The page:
1st January 2017, Solemnity of Mary, Mother of God (Year A)
Introit: Salve sancta Parens,
Offertory: Of the Father's love begotten, V2H, p. 332
Communion: Exulta filia Sion,
Pre-Recessional: Te Deum, PBC, pp. 110ff (Cf. note below.)
Recessional: Bethlehem of noblest cities, V2H p. 339
Ordinary from Mass IX (Cum Jubilo), PBC pp. 55ff. [Gregorian Missal, pp. 106ff.] Credo III, PBC, pp. 77ff.
N.B. After the dismissal and the celebrant and acolytes have taken their places at the foot of the altar, the celebrant will intone the Te Deum, and all will sing it together. We kneel for the verse Te ergo quaesumus . . . sanguine redemisti, as indicated in the PBC. After the Te Deum and its verses and collect, as found in the PBC, we will sing the Recessional hymn and the celebrant and acolytes will process out as usual.
The short Introit antiphon has three phrases:
1. Salve sancta Parens
2. enixa peurpera Regem
3. qui caelum terramque regit in saecula saeculorum
The bulk of the repertoire of proper chants for the Mass as found in today's Graduale Romanum) was in place by the end of the ninth century (AD). As new feasts and celebrations were added, new melodies were composed or, more often, adapted from existing melodies in the repertoire to produce suitable chants for the texts of the new formularies. In former days, this was one of the most well-known Introits in the repertoire, because it was sung in the Mass of the BVM on Saturday—except in Advent, when the Introit Rorate caeli replaced it—in a special votive Mass formulary permitted on Saturdays when there was no greater feast assigned. It was beloved by clergy and faithful, and it complemented the popular tradition of Saturday as a day of special devotion to Our Lady.
The melody of this Introit was adapted from the melody of the Epiphany Introit Ecce advenit early in the eleventh century, to be sung in various Masses in honour of the BVM. So you may want to have a look at next Sunday's Introit to better understand this one. In comparing the two melodies, you can get a taste of the mixed results from these adaptations. E. g., the melodic forms over the accented syllables Re-(gem) and (saecu)-lo-(rum) in this Introit work better than over the unaccented syllables (Do)-mi-(nus) and (impe)-ri-(um) in that of Epiphany. OTOH, the placing of the podatus with its fourth on the unaccented syllable of (sae)-cu-(la), is more effective in the Epiphany Introit where it gives prominence to the word potestas and its word-accent.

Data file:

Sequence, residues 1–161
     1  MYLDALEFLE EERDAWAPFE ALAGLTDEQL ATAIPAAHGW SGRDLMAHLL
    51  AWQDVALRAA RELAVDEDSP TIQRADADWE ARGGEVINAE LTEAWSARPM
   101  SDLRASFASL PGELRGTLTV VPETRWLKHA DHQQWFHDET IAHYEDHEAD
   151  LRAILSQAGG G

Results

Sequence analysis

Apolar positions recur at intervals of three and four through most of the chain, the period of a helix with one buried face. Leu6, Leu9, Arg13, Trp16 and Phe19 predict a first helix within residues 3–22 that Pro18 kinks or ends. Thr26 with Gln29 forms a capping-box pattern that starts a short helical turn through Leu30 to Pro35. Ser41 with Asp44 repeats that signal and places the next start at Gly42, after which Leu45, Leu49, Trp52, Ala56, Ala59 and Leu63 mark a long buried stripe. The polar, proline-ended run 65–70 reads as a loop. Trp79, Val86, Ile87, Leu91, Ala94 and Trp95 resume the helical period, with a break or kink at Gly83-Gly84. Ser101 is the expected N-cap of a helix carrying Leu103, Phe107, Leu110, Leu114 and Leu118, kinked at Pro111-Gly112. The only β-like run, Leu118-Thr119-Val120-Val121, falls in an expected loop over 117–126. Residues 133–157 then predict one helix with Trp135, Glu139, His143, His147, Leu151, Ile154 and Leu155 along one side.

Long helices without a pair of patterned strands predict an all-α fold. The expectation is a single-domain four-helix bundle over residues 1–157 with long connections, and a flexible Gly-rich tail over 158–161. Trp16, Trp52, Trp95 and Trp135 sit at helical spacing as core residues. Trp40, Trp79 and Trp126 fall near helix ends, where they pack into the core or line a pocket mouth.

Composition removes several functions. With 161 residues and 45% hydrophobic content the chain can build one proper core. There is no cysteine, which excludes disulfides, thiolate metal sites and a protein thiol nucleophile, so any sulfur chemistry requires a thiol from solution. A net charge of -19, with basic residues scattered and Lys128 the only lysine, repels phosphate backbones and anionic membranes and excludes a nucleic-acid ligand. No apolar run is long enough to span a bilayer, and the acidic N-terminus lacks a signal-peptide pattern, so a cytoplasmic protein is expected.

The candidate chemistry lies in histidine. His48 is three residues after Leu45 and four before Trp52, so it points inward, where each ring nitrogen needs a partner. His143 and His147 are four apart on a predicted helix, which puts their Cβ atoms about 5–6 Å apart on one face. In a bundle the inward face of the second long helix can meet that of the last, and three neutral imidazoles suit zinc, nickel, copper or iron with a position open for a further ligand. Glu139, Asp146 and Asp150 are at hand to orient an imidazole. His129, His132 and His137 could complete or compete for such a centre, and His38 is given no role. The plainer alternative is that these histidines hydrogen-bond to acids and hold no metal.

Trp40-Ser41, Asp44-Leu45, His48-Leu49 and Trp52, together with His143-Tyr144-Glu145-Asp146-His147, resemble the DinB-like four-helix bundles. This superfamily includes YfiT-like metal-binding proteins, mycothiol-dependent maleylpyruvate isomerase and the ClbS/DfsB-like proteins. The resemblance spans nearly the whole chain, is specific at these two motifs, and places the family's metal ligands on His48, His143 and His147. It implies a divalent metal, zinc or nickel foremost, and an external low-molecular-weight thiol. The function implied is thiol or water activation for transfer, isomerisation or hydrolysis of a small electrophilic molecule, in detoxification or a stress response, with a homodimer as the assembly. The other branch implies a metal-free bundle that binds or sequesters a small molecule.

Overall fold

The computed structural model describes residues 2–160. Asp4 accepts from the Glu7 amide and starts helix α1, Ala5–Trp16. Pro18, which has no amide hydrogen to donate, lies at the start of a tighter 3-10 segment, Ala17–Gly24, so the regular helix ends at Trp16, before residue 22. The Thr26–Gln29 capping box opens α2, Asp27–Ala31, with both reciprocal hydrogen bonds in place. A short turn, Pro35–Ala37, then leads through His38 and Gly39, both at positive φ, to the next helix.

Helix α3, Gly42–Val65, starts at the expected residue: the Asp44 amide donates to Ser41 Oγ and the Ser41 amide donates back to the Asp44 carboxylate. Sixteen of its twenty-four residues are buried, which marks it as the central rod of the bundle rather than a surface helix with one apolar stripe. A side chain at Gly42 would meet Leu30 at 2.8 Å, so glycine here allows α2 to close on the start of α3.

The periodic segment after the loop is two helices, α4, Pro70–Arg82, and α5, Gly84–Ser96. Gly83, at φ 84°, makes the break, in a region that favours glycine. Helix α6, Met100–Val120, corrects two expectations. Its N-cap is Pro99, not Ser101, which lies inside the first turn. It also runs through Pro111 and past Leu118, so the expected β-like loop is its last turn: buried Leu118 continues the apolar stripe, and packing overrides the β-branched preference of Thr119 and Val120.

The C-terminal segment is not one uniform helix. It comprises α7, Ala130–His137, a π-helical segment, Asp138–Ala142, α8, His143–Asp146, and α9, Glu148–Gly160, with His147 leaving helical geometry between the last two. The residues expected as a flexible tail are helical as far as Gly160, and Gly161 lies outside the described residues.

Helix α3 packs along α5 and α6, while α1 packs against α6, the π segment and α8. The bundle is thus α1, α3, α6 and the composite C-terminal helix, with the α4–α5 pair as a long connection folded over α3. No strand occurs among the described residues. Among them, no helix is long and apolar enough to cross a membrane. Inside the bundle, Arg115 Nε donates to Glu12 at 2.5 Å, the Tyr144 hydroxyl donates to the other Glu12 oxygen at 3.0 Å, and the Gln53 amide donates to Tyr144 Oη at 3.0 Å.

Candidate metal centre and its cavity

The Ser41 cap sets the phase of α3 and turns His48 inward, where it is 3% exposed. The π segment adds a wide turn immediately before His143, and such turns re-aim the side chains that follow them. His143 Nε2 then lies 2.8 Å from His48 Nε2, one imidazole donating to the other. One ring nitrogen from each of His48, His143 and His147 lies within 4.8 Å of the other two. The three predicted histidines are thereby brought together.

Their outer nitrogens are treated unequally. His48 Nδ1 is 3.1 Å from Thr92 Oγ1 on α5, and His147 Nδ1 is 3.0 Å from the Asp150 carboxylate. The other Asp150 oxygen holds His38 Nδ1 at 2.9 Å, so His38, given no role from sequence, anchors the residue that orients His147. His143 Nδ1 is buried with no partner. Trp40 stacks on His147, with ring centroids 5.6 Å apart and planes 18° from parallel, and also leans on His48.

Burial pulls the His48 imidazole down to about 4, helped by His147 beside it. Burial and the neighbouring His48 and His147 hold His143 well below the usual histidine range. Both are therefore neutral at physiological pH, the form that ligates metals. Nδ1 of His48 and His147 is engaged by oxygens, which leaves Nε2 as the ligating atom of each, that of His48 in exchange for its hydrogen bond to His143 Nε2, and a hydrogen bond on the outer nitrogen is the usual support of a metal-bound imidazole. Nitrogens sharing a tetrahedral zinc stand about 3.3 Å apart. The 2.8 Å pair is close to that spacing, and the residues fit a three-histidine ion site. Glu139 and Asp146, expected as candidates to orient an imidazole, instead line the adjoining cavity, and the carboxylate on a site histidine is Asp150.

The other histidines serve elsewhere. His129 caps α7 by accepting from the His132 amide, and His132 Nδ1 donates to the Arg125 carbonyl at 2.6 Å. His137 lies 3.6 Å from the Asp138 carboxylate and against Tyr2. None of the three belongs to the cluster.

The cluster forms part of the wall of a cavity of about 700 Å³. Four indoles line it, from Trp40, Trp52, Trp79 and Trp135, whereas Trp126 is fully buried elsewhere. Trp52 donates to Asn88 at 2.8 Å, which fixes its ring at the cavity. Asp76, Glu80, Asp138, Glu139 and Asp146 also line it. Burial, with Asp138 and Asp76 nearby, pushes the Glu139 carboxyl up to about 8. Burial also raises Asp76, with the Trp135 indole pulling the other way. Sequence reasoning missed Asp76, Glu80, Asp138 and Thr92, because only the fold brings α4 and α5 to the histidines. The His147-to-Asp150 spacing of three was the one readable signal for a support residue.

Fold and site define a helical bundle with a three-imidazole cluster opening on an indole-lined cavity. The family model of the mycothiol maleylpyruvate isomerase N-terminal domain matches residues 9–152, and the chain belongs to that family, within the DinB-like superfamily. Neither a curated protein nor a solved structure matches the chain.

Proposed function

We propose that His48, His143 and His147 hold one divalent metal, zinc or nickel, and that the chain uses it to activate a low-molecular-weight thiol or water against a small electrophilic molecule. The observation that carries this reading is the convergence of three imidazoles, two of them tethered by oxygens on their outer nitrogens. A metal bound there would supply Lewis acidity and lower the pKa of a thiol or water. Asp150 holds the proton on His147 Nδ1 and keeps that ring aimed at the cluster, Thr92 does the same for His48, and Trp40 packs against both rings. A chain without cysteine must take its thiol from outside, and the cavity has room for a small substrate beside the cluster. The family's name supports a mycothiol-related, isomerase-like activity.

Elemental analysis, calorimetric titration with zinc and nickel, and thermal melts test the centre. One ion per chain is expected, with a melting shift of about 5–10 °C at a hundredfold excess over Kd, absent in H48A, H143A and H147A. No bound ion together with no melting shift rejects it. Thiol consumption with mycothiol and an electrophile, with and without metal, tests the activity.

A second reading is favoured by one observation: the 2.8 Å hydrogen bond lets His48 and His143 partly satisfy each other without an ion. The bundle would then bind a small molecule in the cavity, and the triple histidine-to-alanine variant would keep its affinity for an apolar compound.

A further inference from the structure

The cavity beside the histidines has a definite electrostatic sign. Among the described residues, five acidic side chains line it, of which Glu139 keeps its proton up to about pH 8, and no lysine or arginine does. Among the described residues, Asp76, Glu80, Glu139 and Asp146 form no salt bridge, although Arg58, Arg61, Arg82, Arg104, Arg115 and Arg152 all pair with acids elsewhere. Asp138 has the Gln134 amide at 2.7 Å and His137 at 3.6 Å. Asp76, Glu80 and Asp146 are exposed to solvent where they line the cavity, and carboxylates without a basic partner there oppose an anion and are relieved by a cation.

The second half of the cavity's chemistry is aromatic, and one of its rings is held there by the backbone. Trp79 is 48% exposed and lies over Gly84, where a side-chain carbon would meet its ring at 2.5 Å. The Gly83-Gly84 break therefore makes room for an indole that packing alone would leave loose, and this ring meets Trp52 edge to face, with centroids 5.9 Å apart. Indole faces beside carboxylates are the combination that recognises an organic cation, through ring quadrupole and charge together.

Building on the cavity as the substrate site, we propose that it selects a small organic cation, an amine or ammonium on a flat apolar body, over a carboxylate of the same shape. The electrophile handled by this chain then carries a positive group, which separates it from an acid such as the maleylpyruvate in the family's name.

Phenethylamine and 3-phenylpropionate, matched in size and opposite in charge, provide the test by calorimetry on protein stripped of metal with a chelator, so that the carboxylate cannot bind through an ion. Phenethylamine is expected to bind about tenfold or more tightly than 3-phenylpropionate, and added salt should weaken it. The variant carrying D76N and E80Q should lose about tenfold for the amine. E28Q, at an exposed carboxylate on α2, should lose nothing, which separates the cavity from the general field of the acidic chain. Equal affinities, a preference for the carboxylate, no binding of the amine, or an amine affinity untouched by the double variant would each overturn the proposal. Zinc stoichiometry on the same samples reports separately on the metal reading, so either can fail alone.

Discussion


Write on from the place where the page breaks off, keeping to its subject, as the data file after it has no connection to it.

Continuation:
The Communion antiphon is taken from the 2nd Mass of Christmas (Lux fulgebit, The Mass at Dawn). It has three phrases:
1. Exsulta filia Sion
2. lauda filia Jerusalem
3. ecce Rex tuus venit, sanctus et salvator mundi.
The liturgical celebration of the Octave Day of Christmas has undergone a number of identity changes through the centuries. In the decade before the current calendar [= 1960-1969], it was simply the Octave Day of Christmas, and the formulary was mostly that of the 3rd Mass of Christmas (Puer natus est, the Mass of the Day). Prior to that, it was for several centuries the feast of the Circumcision. This verse from the Prophet Zachariah harkens back to that theme, as the verse was seen from early Christian times as a prophecy of Jesus the Messiah actually being present in the Temple. Of course, the filia Sion and filia Jerusalem are often used as titles for Our Lady, whose solemnity it is in the current Roman Calendar. So the conflation of images and allusions in this one verse gives us a picture of Mary, the Theotokos, bearing her Son, who is God, into the Temple (Sion, Jerusalem) and now into our lives as Saviour. A rather classic Mode 4 formulation, ending on mi. Although often mi is a weak and incomplete note that doesn't ever quite beget a true cadence—as a couple of you have already commented to me during our practice sessions—in Mode 4 it typically speaks of the lingering contemplation we should have over the meaning of the text we have just proclaimed. We are singers, but we are also believers striving to deepen our understanding of what we sing. The climax at do over fi-(lia Jerusalem) and over (Rex tu-)us speak of the intimate connection between the holy city and the coming Messiah, and between THE daughter of Jerusalem and her royal Son.
The Octave Day of Christmas is also, at least in the Gregorian and Julian calendars, New Year's Day. It has long been a tradition to sing the Te Deum on New Year's Eve, or New Year's Day if the community does not meet on New Year's Eve. We give thanks for the blessings of the year just ended and praise God for bringing us safe to another new year. In recent years, the Holy Father himself has presided over the Vespers of New Year's Eve (= 1st Vespers of the Solemnity of Mary, Mother of God) in St Peter's, after which the Te Deum is sung, to give a renewed prominence to this tradition.